Neon Cathedral is probably one of the better songs on this album. Allen Stone (if you haven’t read the Profile on him, read it if you don’t know him) did a great job on the feature providing the soulful depth to back up the powerful image of the song. It’s definitely my favourite thus far. Religion – yet another theme that is common in music, and is more adamantly used with the newer rappers who seem to be more vocal about it. Neon lights are everywhere like liquor stores, motels, bars, strip clubs, and whatever other example you can come up with. Cathedrals are like holy sanctuaries that you can go to for seeking peace within yourself and often forgiveness. People choose motels, liquor stores, strip clubs and bars as their religious congregations; their cathedrals. Religion is found through their various ways, and that’s what Mack is talking about on this song. Great song, and again, more messages being applied that people can relate to and appreciate.

BomBom is an instrumental song that is up-tempo, but has a jazzy feel to it, and then when you have a bunch of other instruments thrown into it, it’s a great time. Reminds me when Tyler, the Creator had AU79 on Goblin as sort of like an interlude, but it was a full length song with no words. Great intermission music.

Being in a room strictly surrounded by White Walls can be soothing or it can make you go crazy, but this isn’t about a room, it’s about a car. This is the ‘gloating’ track that emphasizes a car – a nice all white Cadillac car; riding around, showing off, what better feeling right? There’s nothing spectacular about the song, but a feature from TDE’s own ScHoolboy Q provided a change up from the style of the album that it had been currently driving, and you need some gangsterism in there if it’s a hip hop album in some ways, so having him on there was pretty cool, but aside from that, it wasn’t anything on that wow factor.

Wouldn’t you know that there would be another TDE feature on the next song? Ab-Soul makes an appearance on Jimmy Iovine, and for those who don’t know who Jimmy is, he’s the creator of Interscope Records (ironically the same label that TDE signed with just recently), and this song is about the record industry and pretty much taking it by storm. Making it in the record industry and getting a deal is the dream for small-time rappers when they start off because that’s when you “make it.” There are pros and cons to the industry and Mack shared his experience meeting with (I’m assuming) top executives at Interscope and as they’re breaking down the actualities of his contract, he realizes that going major isn’t right for him because of the negative effects it would have had on his career. It’s pretty crazy that there’s so much that people on the outside don’t know about the wheeling and dealing of the music industry. This was a great song to describe that in a way.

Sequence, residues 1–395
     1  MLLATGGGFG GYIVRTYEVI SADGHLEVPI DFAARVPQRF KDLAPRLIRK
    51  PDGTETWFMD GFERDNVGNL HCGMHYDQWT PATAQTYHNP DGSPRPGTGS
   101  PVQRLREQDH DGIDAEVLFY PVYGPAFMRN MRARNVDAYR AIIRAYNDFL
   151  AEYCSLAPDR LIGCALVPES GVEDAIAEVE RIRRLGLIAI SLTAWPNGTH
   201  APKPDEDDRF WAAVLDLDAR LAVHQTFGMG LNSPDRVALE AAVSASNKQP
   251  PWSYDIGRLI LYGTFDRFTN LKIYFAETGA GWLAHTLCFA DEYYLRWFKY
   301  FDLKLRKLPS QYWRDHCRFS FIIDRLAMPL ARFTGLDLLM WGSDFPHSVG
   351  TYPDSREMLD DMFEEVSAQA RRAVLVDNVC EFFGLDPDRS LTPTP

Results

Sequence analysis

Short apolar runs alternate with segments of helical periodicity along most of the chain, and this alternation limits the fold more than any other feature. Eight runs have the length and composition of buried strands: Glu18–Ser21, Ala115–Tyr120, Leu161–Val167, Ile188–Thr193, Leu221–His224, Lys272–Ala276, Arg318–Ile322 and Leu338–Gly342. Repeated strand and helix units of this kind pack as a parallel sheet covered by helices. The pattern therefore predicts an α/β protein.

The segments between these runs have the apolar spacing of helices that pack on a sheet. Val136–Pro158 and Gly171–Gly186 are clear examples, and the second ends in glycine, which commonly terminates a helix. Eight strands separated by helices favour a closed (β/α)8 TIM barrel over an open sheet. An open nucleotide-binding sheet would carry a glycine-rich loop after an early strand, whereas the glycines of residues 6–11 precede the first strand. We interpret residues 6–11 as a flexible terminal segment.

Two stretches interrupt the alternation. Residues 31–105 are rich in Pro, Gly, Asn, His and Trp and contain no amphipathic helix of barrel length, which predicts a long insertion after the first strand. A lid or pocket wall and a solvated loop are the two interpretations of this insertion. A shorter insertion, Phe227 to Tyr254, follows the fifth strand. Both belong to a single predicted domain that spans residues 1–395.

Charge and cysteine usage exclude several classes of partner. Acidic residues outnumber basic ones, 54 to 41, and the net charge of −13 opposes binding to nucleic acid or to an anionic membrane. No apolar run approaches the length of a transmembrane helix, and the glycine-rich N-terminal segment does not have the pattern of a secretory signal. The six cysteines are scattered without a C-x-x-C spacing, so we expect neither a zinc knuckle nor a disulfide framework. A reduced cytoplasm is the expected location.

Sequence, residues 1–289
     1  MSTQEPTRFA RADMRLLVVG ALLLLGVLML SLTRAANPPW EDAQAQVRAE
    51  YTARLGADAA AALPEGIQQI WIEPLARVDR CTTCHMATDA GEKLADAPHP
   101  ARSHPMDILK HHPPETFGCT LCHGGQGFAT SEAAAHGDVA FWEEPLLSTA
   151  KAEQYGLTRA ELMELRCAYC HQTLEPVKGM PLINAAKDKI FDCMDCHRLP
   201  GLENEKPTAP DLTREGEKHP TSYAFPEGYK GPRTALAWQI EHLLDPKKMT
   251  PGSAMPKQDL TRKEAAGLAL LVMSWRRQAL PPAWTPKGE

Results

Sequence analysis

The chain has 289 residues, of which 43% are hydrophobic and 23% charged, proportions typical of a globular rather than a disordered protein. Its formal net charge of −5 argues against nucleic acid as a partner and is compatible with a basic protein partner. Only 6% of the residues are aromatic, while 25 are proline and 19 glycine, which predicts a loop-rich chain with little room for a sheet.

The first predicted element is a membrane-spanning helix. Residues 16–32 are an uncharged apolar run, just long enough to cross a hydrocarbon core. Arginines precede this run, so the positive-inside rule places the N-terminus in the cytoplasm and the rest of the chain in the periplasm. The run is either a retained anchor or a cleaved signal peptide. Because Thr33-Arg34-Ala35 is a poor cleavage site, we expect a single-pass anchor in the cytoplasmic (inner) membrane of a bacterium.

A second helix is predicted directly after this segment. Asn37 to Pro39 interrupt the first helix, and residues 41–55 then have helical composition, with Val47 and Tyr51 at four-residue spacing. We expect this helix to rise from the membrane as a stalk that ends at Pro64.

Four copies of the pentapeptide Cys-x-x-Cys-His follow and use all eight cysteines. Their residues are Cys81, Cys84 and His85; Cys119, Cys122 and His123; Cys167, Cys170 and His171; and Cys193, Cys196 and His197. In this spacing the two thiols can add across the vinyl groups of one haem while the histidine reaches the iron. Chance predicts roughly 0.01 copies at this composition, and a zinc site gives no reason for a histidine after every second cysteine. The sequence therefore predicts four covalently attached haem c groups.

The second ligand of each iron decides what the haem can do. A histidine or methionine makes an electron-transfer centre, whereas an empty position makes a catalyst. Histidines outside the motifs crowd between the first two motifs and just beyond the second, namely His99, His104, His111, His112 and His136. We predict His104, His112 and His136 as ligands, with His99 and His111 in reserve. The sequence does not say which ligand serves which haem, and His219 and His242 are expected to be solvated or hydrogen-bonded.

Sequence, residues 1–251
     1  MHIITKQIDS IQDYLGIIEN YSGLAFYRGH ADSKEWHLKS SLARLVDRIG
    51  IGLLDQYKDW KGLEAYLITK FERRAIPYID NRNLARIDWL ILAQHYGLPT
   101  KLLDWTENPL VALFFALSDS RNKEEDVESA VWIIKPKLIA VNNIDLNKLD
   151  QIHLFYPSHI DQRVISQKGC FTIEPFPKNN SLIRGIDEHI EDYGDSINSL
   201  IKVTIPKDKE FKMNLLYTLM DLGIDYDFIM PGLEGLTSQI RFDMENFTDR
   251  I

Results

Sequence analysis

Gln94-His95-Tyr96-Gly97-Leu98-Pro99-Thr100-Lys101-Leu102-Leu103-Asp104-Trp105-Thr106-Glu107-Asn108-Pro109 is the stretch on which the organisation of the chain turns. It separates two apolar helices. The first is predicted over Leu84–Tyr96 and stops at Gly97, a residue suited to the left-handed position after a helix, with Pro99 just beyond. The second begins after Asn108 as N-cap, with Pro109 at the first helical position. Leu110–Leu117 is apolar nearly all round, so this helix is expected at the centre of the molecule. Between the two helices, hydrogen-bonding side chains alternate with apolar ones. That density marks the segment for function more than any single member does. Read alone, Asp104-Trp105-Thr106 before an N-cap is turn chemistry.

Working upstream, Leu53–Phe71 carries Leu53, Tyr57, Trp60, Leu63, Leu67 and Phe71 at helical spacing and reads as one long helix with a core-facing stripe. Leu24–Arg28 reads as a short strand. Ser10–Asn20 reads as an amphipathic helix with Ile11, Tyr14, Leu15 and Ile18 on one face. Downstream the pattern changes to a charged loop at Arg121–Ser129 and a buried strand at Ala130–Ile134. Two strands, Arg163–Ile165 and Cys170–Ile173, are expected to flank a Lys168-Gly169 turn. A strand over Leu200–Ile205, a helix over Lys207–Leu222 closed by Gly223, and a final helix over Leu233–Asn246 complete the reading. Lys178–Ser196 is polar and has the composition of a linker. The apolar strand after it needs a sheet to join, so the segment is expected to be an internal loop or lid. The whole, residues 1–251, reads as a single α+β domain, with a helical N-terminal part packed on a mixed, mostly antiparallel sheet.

Remember your first pair of sneakers? The feeling you had when you put them on and you felt like a new person? That feeling of new birth and that you were the top of all of your friends? It’s a good feeling, isn’t it? Mack described his first feeling on Wing$, and that sense of rejoice and invincibility he had with the shoes, but a violent childhood experience involving shoes changed his attitude a bit. Shoes have become more and more popular over the years. In an age where you have to pre-order shoes and people stand hours in line for them just to re-sell them or wear them for a month, it’s pretty crazy how people have become enslaved to the power of a dollar and a brand name. This song deals with the progression of a young Mack to an older Mack and just what matters to him. It’s more than just the shoes, but it’s more about the mindset that he carries with it. It’s a great song, and again, I respect the message. Don’t be a sheep, create your own trends.

Our society has grown insensitive to issues around us when things are more and more bluntly in our faces.  A Wake is basically a viewing where you look at a dead body before the actual funeral ceremony. It’s a chance to pay your last respects to the dearly departed. Mack symbolizes a wake as our society, and we’re just watching it die – whether it’s because of the oversaturated hip hop on the airwaves, or because Mack is an artist his fans don’t want him to get involved with political or cultural issues that will make others upset, or because of the amount of offensive videos on YouTube or Worldstar Hip Hop. There’s a lot that is contributing to the slow death of society, and that’s the message I’m getting from when Mack compares what life was like 20 some-odd years ago to right now. It’s pretty meaningful when you think about it.